January 31, 2011 § 1 Comment
(L to R: Hailee Steinfeld in Prada, Jennifer Lawrence in Oscar de la Renta)
Whatever its reputation may be, the Golden Globes’ red carpet has become crowded with more and more standard award-show looks in recent years. This year’s offering, other than Helena Bonham Carter’s Swan-dress-esque Vivienne Westwood dress topped off with mismatched shoes, was far more notable for Ricky Gervais’ mischievous turn as host than any of its all-around blah fashion. Last night’s SAG awards, however, had far more to offer. Perhaps because the focus is all on the actors at this soiree, there were several notable risks that paid off greatly. First, and perhaps best, was newcomer Hailee Steinfeld, who’s been lucky enough to not only be a preternaturally composed 14-year-old, but also be nominated for an Oscar for her very first movie role in True Grit. She surprised in a Prada look from the bold Spring 2011 ready-to-wear collection. To the Golden Globes, she wore a beautiful if less flashy Prabal Gurung dress. Props are in order to the girl’s stylist. She manages to look improbably cool and age-appropriate without succumbing to the Dakota Fanning or Abigail Breslin cutesy method.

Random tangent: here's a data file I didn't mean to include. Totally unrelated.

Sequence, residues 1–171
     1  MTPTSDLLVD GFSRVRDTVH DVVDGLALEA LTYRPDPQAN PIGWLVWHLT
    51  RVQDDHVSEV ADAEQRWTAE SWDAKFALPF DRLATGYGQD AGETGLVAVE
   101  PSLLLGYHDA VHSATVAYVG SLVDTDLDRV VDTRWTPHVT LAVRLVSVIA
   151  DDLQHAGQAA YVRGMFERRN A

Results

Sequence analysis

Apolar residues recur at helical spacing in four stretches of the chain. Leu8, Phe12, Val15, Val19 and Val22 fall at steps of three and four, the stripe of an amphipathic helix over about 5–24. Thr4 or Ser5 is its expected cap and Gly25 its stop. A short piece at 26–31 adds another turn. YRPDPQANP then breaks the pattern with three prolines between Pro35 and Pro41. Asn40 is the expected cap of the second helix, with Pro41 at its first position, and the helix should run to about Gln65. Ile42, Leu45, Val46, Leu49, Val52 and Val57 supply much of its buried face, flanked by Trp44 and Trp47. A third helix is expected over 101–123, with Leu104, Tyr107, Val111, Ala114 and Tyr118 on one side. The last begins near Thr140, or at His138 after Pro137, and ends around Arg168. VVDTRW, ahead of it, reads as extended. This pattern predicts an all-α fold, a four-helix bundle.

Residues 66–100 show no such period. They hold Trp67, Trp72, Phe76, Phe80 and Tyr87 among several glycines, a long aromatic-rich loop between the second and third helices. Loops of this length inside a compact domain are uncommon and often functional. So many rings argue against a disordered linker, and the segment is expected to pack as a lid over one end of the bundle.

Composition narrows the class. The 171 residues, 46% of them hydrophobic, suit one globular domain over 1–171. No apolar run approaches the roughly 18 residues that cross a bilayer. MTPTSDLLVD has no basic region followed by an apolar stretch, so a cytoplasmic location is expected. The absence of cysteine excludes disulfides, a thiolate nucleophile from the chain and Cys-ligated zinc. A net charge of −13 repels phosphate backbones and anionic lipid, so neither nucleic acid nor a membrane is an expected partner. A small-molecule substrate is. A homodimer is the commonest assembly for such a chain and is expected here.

Read the rest of my picks and get a better look at the best of the night by clicking « Read the rest of this entry »
September 23, 2010 § Leave a comment
Welcome, my friends, to a day of reckoning. As Fashion Month approaches its final stages, we’re in the midst of the collections that will shape our dreams and daydreams alike for the next few months. Today is a very important day in Milan, in my extremely biased opinion. Today, friends, is the day of PRADA.